The mean value showed that urban students had better study habits than rural students. Many studies have been carried out which make it available today of an important catalogue on study habits (Ogunmakin, 2001; Kumar, 2002; Gbore, 2006).
It is argued that study habits have strong relationship with academic performance of students while other researchers (Owolabi, 1996; Whihite & D’ Onofrio, 1993) suggest that it is the combination of the study habits and other factors that could explain students’ academic performance in any course of study.
Participation between teachers and students is integral in the process of learning. Different scholars (Amao, 2009; Fakeye, 2008; Abdulahi, 1996) have identified the extent of involvement of students in teaching and learning as a strong factor that has the potential of the quality and quantity of learning that takes place and eventual performance of students in examinations. The dynamics of teaching is a crucial factor in how much students learn (Kalu 2010; Safadi & Rababah, 2012).
Though students’ performance may not be a simple direct consequence of the teachers teaching act, the latter has a lot to do with classroom learning.
Teachers establish the pattern of general conduct during a lesson, while on their part students establish certain types of behavior to coincide with this pattern. Consequently the students participate to varying degrees in different classes and react differently to different teachers. This combined instructional pattern and student participation lead to a specific classroom environment characterized by specific interaction patterns.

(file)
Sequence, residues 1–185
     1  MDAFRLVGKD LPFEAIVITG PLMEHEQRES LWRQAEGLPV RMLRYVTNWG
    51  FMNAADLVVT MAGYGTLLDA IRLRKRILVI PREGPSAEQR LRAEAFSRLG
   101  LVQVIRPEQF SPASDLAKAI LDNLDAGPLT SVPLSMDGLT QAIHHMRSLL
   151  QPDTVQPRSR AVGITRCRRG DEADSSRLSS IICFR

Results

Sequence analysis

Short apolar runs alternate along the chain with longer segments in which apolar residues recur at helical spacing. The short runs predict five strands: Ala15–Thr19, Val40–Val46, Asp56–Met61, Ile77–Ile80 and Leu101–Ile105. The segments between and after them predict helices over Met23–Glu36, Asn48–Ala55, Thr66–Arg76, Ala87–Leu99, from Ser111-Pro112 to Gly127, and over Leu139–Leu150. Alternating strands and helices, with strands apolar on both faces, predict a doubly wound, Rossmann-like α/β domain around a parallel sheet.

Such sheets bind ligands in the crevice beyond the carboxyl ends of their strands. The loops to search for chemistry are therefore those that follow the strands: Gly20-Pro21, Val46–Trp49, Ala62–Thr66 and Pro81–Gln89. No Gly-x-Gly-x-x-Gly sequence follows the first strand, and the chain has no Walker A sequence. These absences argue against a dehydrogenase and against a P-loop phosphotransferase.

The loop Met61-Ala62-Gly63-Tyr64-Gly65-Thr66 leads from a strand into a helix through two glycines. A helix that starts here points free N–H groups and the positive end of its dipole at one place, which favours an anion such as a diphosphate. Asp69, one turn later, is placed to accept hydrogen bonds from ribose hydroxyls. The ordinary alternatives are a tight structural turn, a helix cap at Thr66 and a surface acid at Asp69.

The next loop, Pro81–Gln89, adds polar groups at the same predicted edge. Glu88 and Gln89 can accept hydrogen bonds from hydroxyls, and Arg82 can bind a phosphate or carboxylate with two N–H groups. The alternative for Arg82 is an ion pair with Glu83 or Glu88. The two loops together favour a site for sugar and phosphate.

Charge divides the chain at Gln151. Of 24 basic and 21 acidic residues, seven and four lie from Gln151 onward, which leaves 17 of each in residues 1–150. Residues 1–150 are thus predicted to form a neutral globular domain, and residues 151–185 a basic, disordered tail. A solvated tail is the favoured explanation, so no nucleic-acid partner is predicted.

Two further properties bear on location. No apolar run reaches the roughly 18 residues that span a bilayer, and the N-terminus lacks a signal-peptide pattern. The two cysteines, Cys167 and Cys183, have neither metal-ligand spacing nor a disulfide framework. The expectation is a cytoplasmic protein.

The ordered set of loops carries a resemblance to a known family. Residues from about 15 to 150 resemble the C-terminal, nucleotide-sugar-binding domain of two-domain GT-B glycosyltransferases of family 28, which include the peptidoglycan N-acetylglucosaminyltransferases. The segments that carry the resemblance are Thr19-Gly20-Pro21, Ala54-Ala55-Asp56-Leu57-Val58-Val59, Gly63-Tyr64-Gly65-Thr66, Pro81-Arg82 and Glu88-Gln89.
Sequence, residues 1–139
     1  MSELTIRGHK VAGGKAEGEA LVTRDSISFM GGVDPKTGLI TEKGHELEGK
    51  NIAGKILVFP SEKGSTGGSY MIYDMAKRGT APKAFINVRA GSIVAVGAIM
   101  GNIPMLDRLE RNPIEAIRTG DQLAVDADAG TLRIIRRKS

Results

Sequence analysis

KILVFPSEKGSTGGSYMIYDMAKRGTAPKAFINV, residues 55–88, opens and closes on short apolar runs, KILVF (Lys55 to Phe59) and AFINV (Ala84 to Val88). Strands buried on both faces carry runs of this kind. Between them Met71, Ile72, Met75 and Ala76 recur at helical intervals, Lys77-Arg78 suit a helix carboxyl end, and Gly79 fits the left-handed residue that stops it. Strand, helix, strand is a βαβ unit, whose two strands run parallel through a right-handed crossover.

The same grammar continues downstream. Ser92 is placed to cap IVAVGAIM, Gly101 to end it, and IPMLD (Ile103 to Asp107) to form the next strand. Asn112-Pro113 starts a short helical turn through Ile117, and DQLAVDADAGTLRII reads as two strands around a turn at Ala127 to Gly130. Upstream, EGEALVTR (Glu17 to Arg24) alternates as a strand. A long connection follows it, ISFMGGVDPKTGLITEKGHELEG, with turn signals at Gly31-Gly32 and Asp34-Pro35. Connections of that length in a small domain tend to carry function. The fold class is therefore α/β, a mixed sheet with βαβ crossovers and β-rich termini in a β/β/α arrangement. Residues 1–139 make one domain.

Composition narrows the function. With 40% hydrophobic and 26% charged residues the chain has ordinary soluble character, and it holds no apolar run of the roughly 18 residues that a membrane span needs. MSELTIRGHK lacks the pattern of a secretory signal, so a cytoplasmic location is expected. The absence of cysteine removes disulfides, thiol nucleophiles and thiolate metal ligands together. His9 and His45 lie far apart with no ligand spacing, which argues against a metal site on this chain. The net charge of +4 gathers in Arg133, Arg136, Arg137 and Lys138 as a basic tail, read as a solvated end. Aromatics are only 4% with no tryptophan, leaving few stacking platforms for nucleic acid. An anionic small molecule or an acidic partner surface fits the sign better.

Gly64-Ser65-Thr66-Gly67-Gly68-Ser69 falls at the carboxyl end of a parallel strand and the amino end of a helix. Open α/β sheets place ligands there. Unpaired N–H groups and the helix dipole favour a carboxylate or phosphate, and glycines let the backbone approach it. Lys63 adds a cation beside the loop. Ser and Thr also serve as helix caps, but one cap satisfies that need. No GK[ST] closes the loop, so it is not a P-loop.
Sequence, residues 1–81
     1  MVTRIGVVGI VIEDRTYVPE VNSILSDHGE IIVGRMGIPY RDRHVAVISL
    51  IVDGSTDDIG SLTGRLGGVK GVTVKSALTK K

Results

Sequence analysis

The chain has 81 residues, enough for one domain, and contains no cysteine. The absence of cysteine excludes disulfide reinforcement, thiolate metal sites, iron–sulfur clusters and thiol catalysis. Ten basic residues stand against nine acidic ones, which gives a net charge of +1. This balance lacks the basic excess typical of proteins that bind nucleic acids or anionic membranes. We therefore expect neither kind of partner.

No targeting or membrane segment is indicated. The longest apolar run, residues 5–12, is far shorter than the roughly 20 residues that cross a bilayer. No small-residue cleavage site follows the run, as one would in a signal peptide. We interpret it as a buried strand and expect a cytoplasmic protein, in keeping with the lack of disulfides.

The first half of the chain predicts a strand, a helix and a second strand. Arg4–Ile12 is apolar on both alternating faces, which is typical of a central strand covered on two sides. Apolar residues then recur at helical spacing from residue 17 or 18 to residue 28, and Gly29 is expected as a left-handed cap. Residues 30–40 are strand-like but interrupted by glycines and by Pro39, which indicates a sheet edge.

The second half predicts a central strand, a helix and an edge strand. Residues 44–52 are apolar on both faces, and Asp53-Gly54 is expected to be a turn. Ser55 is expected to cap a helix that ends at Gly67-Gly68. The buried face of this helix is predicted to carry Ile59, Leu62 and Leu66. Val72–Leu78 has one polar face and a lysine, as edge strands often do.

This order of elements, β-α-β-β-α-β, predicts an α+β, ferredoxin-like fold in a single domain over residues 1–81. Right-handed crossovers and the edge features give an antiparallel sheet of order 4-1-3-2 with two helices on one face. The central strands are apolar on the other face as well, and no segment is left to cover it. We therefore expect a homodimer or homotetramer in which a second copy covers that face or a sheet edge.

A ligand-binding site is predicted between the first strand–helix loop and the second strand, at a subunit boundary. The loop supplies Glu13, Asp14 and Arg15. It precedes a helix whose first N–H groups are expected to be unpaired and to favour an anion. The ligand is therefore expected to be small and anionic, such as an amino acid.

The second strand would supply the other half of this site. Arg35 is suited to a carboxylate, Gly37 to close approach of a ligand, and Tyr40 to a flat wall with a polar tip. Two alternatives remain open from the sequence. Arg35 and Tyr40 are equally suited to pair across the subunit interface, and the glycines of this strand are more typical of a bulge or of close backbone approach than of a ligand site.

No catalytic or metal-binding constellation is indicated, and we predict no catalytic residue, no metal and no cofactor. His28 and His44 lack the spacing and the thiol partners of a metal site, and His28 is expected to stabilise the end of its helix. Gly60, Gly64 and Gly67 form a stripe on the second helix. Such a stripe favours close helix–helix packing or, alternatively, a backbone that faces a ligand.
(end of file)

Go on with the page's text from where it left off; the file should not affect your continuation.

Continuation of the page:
In Nigeria, the few interaction studies (Ajayelami, 1983; Akuezuilo, 1987; Domike, 2002; Emah, 1998; Iyewarum, 1983; Mani, 1986; Okafor, 1993; Okebukola, 1985; Okebukola & Ogunniyi, 1984; Ogunkola, 1999; Udeani, 1992) have indicated that some relationship exists between classroom interaction pattern and students’ achievement.
Okebukola (1986) reports that classroom participation had the greatest independent contribution (22%) to the variance in achievement scores while Udeani (1992) reports that classroom interaction accounted for about 74% and 71% of the variation in students cognitive achievement and process skill acquisition respectively.
Also, Okafor (1993) found a positive relationship between classroom interaction behavior and students’ level of achievement. Incidentally, these few studies on interaction patterns in Nigerian Classrooms were mostly in Biology Classrooms. Not much has been done in the subject matter of Accounting.
There are several reasons why participation is important in the process of learning. Based on a study conducted by Ferguson-Hessler de Jong (in Theberge, 1994), it was found that students, who are active participants, tends to have better academic achievement, compared with students, who are passive in participation. This statement was supported by Astin (1999), claiming that students who are actively involved in the classroom discussions showed higher satisfaction in the learning process.
Active participation of students with discussions in the classroom is important for the purpose of achieving effective learning and plays an important role in the success of education and personal development of students in the future (Tatar, 2005). This is because students will learn how to think critically and enhance their intellectual development if they are an active participant in the classroom (Siti Maziha, 2010).